There are currently six major classes of antiretroviral medications: (1) nucleoside reverse transcriptase inhibitors (NRTIs), (2) non-nucleoside reverse transcriptase inhibitors (NNRTIs), (3) protease inhibitors (PIs), (4) fusion (entry) inhibitors, (5) integrase inhibitors, and (6) CCR5 antagonists. These drugs are used in different combinations according to the needs of the patient and depending on whether the virus has become resistant to a specific drug or class of drugs. Treatment regimens usually consist of three to four medications at the same time. Combination treatment is essential because using only one class of medication by itself allows the virus to become resistant to the medication. There are now available pills that contain multiple drugs in a single pill, making it possible for many people to be treated with a single pill per day.
Supported by the National Special Science & Technology Program on Major Infectious Diseases (No. 2012ZX10005010-001, No.2013ZX10005001-001); and Henan Province Basic and Advanced Technology Research Project (No.152300410165), and Henan Province Colleges and Universities Key Youth Teachers Scheme (No. 2013GGJS-095)
There are many potential side effects associated with antiviral therapies. The most common ones for each class of drug are summarized in readily available product information. Some specific toxicities are summarized by class below.
Human immunodeficiency virus, or HIV, is the virus that causes acquired immune deficiency syndrome (AIDS). The virus weakens a person’s ability to fight infections and cancer. People with HIV are said to have AIDS when they develop certain infections or cancers or when their CD4 count is less than 200. CD4 (T-cell) count is determined by a blood test in a doctor’s office.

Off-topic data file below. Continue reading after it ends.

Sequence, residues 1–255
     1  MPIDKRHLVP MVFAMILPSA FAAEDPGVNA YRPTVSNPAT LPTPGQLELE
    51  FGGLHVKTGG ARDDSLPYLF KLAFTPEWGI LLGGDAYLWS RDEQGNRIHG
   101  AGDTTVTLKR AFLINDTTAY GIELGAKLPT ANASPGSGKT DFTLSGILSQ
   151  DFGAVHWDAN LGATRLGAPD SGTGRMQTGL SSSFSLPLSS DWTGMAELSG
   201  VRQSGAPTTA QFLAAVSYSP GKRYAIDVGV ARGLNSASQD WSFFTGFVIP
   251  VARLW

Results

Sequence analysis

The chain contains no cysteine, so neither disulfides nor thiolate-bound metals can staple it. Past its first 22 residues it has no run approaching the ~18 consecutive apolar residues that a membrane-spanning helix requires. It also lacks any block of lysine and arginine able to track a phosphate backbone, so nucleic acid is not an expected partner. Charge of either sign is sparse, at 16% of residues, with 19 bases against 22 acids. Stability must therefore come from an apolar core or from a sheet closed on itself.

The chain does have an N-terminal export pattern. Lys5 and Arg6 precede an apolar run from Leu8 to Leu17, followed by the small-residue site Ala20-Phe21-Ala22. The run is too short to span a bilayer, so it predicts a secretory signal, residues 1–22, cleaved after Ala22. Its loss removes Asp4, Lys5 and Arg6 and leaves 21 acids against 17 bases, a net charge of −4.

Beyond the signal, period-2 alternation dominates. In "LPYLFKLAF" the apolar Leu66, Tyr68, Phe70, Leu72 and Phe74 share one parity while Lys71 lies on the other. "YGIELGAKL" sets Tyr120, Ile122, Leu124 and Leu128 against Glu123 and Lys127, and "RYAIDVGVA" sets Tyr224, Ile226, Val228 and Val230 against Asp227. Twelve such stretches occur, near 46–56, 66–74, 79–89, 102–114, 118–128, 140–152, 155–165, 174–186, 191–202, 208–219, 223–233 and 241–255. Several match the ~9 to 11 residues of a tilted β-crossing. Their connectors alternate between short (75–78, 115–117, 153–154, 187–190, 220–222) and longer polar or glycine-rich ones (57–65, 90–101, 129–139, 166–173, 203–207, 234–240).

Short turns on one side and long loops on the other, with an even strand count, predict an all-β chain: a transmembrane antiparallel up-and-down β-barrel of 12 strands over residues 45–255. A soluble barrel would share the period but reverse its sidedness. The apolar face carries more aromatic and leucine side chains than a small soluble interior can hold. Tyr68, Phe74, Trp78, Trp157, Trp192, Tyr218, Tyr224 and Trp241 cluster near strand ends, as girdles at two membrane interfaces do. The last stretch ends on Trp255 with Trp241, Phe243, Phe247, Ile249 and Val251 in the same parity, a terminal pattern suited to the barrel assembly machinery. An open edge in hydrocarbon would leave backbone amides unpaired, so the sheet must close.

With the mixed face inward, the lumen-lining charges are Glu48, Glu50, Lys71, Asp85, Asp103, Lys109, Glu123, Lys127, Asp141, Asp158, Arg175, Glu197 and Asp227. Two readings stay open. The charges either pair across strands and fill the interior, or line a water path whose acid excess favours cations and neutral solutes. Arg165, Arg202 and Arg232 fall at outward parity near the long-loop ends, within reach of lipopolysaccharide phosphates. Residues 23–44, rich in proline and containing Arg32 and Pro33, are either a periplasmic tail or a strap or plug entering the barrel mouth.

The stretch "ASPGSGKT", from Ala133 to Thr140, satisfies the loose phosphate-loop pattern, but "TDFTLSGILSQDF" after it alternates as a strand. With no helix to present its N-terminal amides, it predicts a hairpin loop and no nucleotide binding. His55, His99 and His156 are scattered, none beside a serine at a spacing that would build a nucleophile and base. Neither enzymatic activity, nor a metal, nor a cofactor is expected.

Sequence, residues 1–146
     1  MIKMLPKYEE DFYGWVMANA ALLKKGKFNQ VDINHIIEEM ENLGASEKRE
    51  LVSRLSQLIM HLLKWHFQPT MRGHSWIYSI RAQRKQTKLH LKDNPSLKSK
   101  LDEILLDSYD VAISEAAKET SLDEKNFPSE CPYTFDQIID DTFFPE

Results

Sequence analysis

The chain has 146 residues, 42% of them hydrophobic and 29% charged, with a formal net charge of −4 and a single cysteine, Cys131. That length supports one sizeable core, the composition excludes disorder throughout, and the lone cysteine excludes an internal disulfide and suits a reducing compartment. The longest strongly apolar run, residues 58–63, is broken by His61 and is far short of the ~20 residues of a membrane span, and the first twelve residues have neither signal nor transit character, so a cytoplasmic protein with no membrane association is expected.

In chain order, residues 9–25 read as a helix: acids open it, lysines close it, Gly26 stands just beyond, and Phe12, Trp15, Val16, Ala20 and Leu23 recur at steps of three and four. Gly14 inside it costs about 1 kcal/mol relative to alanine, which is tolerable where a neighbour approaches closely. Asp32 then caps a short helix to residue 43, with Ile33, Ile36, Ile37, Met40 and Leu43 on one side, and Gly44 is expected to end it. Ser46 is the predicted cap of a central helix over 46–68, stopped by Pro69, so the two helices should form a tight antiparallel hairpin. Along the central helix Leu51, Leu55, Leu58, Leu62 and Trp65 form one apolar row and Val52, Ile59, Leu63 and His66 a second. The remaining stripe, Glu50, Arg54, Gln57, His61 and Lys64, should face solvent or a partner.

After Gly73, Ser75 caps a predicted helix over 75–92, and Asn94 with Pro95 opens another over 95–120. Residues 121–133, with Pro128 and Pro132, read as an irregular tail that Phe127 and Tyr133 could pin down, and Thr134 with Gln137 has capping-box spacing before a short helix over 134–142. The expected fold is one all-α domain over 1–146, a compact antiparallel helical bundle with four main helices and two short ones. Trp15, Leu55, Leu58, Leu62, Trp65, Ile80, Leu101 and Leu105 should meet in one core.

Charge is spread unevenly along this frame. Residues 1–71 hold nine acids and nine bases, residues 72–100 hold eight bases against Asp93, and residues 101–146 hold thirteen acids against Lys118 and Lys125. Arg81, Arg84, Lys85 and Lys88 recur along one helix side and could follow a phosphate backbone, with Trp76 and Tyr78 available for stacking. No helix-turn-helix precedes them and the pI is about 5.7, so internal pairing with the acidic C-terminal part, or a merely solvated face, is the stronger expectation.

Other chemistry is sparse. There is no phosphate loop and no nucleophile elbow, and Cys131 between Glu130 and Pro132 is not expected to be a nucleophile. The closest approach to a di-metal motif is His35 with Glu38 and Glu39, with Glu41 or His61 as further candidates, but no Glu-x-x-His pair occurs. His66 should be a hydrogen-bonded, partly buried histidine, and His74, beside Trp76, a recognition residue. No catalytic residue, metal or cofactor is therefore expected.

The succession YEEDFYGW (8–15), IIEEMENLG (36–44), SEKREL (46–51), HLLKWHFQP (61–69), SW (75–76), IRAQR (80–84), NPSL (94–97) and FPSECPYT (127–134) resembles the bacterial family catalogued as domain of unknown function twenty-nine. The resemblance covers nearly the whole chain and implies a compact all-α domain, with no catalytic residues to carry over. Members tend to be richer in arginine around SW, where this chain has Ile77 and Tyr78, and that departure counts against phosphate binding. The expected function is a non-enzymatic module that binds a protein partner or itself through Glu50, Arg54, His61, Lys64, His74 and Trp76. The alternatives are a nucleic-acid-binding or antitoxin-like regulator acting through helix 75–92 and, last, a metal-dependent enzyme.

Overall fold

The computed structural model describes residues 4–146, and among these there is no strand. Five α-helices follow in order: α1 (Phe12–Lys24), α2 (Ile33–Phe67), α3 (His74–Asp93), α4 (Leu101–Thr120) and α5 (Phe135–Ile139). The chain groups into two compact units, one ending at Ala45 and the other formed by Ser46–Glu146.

Jump up ^ Celum CL, Coombs RW, Lafferty W, Inui TS, Louie PH, Gates CA, McCreedy BJ, Egan R, Grove T, Alexander S (1991). “Indeterminate human immunodeficiency virus type 1 western blots: seroconversion risk, specificity of supplemental tests, and an algorithm for evaluation”. The Journal of Infectious Diseases. 164 (4): 656–664. doi:10.1093/infdis/164.4.656. PMID 1894929.
Guttmacher Institute. An overview of minors’ consent law. State Policies in Brief. New York (NY): GI; 2013. Available at: http://www.guttmacher.org/statecenter/spibs/spib_OMCL.pdf. Retrieved November 4, 2013. ⇦
Jump up ^ Klein, Joshua S.; Bjorkman, Pamela J.; Rall, Glenn F. (27 May 2010). “Few and Far Between: How HIV May Be Evading Antibody Avidity”. PLOS Pathogens. 6 (5): e1000908. doi:10.1371/journal.ppat.1000908. PMC 2877745 . PMID 20523901.
The Centers for Disease Control and Prevention (CDC) estimates that 1 to 1.2 million U.S. residents are living with HIV infection or AIDS; about a quarter of them do not know they have it. About 75 percent of the 40,000 new infections each year are in men, and about 25 percent in women. About half of the new infections are in Blacks, even though they make up only 12 percent of the US population.